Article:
Saheli said...

Boycott the paper, and send it angry letters all you want. Despise anyone who buys the paper and enjoys it. Fine. Most of the other reactions are out of line, plain and simple. Words with words, and only sometimes physical action with physical action. Fighting words (or lines on a page) with physicial action is the mark of a three-year old. Striking out at everyone in spitting distance of the true cause of your anger is not a whole lot more mature.

msingh said...

I haven't seen the cartoons, nor do the feel the need to. This whole affair raises a number of questions for me:

* What is the role news media in the work they do? Do they have any responsibility for the betterment of the country / world, or are they just driven by the need to stay alive and make profits?

* Even allowing for freedom of speech, should there not be some agreed standards to prevent news media from generalising and painting entire nations / peoples with the same brush? And does freedom of speech mean the media are free to jeopardise any attempts being made to solve world problems differences between people?

* Should the mantra of “constructive criticism” not apply to the news media?

Presenting a case with facts and figures is one thing, but saying that an entire group of people are terrorists, albeit by depicting their prophet as a terrorist is not a very adult, sensible or correct thing to do. Newspapers should give more thought to the repercussions of what they print. At the end of the day I suppose we also have the freedom to choose whether we bother to read newspapers (and which one).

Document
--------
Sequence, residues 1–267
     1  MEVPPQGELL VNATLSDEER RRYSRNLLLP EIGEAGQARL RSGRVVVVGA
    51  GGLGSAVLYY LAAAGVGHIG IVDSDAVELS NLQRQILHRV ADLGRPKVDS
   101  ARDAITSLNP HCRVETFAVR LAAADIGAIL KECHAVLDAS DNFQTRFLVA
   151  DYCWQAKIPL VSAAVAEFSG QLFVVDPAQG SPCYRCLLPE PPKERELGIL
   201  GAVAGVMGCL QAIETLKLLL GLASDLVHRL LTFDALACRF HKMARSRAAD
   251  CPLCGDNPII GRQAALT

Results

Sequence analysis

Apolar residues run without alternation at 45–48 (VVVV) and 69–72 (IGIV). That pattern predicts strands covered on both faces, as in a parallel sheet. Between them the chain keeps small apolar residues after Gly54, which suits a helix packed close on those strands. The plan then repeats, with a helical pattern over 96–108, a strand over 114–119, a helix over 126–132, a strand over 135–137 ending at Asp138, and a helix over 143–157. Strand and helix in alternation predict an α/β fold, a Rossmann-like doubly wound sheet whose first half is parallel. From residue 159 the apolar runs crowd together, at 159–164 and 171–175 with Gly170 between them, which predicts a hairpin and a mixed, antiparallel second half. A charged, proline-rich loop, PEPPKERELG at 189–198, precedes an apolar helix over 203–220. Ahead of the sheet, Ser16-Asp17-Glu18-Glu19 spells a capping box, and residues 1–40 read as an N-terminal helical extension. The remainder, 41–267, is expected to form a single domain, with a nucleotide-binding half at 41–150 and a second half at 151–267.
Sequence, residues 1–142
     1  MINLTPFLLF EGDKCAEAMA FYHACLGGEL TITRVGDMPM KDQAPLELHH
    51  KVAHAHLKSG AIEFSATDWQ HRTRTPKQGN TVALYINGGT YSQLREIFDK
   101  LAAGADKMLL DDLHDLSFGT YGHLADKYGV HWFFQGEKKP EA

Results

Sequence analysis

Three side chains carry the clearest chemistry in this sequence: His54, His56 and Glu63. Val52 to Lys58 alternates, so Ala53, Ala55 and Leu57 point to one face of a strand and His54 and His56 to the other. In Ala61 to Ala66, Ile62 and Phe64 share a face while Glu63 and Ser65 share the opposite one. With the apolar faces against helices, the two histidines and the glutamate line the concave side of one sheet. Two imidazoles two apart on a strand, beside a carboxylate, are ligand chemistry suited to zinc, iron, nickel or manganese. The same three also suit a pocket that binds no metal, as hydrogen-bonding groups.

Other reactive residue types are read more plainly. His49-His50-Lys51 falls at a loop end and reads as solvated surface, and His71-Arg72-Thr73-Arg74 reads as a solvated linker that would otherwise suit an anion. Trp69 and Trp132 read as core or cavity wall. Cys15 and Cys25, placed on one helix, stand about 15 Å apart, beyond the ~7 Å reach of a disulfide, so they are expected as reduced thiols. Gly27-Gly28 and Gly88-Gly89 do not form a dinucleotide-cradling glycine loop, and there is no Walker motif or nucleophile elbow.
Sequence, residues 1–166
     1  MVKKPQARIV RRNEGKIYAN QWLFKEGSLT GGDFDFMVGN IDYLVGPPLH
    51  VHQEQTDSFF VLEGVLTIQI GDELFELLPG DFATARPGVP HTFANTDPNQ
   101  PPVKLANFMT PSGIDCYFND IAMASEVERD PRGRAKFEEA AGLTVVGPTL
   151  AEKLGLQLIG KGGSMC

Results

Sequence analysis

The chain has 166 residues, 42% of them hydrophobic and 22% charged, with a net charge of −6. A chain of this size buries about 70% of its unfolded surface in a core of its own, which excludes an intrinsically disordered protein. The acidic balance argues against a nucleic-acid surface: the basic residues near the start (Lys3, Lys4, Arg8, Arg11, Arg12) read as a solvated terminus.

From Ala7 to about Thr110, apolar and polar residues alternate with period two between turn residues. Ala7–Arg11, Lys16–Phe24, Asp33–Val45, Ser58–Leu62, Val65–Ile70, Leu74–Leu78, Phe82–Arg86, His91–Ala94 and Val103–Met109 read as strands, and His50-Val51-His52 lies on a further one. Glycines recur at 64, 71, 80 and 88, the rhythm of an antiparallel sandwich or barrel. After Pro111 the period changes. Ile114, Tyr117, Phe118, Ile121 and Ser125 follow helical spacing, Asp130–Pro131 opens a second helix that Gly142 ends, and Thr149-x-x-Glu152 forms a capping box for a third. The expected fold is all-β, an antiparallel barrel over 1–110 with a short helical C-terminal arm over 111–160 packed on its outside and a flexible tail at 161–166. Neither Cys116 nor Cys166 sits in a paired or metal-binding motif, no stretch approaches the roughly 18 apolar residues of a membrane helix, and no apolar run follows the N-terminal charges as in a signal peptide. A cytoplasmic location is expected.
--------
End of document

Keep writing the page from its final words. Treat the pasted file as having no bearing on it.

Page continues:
Chandra said...

While I usually scratch my head when I hear Islam is religion of peace, I did find the cartoons pretty offensive. Muslim media and intelligentsia usually are hypocrites when it comes to religious portrayal of non-Muslims in Islamic country and Muslims in non-Islamic countries. Just read a Pakistani school book (or media) portrayal of Hindus or Arab newspapers/TV of Jews and Christians, I guess. But portraying Mohammad as the way Danish papers did is completely out of bounds. While free press and secularism is fine, it can become a slippery slope. I would be up in arms (my arms, I mean) if they did the same to Hindu gods - but probably won't blow up things. Anyway, I would think more car bombs and killings are on the way to European countries.

Dee said...

I thought the point of freedom of the press was to allow people to have information--not to smear and libel religious figures.